It has been a while since NASCAR hit the front pages with on-track news. The biggest news in recent years has had to do with either drivers (like Dale Earnhardt, Jr, Tony Stewart, or Jeff Gordon) retiring or over awful happenings like Stewart’s. Other than that, the sport is in a lull. There are number of factors surrounding that fact, and we could debate those all day. But drama came back to NASCAR in a big way last Saturday at Daytona International Speedway, in a race where anyone had a realistic chance of winning.
The focus of it centers around one man: Ricky Stenhouse, Jr. Yes, the guy that used to date Danica Patrick, who has seen moved on from both him and racing in general. The Roush Fenway Racing driver had undoubtedly the car to beat at a track in which anyone that has a running car can win, yet that still did little to stop him from making some questionable decisions in the race that ended up wrecking at least half of the 40-car field. One of the men he took out was Kyle Busch, who with Kevin Harvick and Martin Truex, Jr, have dominated the Monster Energy Cup Series this season.
In so doing, Stenhouse has opened up a huge hornet’s nest. Busch told reporters that he didn’t get any apology from the Ford man, and that he should have been apologizing to everyone for what he did. He took things even further by saying going forward he won’t have to worry about him because he doesn’t run that far back in the pack. The implication is that Ricky only has a chance to win at restrictor plate tracks (Daytona and Talladega- just four of the 36 races on the schedule), and that he’s not a good driver.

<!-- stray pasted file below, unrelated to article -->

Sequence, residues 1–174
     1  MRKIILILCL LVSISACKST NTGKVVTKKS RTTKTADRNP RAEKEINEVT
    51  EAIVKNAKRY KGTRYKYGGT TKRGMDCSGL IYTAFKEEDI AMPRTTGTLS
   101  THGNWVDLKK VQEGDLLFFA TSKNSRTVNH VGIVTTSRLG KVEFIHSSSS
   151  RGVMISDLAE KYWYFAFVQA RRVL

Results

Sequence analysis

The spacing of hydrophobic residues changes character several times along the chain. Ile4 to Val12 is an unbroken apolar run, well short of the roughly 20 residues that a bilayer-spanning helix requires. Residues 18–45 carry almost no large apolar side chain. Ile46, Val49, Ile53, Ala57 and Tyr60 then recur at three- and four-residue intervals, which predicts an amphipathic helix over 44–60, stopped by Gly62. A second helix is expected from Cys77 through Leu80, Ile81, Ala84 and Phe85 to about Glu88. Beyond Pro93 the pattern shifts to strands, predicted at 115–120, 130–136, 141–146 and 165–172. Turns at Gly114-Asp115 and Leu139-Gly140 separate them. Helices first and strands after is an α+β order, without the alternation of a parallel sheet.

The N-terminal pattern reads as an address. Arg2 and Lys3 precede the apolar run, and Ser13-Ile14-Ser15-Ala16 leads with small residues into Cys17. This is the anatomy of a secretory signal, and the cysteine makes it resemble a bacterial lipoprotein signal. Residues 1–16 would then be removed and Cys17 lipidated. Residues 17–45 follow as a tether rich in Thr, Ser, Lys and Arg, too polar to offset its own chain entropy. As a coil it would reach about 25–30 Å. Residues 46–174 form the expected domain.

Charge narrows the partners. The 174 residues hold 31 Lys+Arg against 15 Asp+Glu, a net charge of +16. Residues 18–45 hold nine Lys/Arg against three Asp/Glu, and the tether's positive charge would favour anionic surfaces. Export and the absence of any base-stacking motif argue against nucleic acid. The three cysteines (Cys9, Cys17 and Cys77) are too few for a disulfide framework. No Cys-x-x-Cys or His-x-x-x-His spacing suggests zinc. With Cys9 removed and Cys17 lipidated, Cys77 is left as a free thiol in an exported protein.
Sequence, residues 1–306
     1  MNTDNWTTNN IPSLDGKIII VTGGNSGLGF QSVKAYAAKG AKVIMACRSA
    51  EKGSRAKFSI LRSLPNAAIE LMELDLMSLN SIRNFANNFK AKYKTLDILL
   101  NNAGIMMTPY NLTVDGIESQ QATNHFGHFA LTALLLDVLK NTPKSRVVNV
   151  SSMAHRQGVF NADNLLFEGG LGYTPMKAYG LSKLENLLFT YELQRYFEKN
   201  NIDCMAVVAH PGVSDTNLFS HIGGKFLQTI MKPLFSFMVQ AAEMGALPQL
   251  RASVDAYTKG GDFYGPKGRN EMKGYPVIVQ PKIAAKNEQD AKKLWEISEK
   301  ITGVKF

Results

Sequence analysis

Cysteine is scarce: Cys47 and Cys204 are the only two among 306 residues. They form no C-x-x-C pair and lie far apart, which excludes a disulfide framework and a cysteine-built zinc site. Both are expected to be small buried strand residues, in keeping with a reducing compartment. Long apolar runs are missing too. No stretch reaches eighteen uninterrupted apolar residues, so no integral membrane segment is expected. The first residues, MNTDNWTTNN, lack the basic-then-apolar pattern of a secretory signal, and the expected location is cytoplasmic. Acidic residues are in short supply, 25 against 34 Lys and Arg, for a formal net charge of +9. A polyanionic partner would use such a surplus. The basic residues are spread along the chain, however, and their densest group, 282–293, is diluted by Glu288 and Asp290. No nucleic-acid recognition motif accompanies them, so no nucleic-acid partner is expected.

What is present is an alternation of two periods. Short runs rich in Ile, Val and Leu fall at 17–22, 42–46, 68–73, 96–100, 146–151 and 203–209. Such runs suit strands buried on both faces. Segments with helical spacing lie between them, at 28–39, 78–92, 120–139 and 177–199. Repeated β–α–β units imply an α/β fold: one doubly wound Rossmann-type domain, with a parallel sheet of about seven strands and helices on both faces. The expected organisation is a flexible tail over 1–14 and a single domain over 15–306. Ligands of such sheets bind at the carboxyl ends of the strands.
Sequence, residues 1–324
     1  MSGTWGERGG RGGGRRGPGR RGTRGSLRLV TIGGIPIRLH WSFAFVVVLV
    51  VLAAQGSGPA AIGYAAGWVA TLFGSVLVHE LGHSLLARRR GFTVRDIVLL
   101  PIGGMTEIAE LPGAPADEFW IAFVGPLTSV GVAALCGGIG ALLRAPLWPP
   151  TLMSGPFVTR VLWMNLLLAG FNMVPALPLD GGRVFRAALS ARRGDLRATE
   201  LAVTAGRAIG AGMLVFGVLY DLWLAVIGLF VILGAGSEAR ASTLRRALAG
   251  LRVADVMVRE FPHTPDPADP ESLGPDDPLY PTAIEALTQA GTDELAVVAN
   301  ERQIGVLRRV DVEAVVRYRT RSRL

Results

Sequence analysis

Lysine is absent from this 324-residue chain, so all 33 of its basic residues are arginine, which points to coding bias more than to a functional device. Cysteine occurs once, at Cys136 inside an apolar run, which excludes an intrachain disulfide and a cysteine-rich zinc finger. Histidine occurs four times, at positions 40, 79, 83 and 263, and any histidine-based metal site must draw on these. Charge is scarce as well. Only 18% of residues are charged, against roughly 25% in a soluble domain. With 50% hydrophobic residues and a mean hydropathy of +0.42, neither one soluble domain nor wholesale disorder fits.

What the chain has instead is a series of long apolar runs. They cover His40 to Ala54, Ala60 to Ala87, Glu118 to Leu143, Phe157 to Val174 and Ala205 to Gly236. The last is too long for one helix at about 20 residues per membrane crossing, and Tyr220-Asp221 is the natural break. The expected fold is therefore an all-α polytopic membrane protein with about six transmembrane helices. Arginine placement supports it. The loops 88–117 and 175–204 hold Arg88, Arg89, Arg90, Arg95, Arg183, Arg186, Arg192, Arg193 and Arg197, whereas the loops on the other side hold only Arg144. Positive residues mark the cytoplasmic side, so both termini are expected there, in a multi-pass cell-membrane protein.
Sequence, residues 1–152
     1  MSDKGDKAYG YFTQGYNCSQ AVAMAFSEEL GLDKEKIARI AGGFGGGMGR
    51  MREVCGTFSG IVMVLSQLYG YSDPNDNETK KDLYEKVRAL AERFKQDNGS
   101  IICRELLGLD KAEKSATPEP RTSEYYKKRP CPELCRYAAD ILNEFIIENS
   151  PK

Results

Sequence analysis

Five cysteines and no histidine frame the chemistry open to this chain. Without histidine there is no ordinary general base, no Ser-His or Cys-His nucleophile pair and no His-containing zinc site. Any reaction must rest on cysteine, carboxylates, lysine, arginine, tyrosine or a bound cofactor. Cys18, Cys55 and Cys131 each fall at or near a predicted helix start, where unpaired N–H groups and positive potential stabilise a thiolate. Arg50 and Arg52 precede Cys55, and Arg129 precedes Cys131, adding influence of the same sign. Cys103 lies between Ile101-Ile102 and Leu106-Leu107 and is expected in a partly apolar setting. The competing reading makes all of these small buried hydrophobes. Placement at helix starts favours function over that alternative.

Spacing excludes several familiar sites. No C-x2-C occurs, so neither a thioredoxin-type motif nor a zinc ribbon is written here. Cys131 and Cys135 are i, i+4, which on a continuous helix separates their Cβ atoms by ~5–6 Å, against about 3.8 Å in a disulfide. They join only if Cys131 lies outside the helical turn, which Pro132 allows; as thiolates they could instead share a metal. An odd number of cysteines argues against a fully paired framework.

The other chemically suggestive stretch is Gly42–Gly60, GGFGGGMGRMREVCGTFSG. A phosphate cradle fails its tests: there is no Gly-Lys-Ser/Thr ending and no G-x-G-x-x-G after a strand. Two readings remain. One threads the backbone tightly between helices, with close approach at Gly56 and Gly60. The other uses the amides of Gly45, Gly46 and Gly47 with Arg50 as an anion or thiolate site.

Stenhouse now has hit back, saying that Busch needs to watch his mouth because the two will inevitably be close to one another one of these days. Whether he is a lap down, or fighting the M&Ms driver for the lead. This has all the makings to continue what has already been a summer full of talking points, with Busch wrecking Kyle Larson for a win just a couple of weeks ago. Is this good for NASCAR? It’s hard to say. But it’s getting people talking about it again, and heading into Kentucky and beyond, that can only be a good thing, right?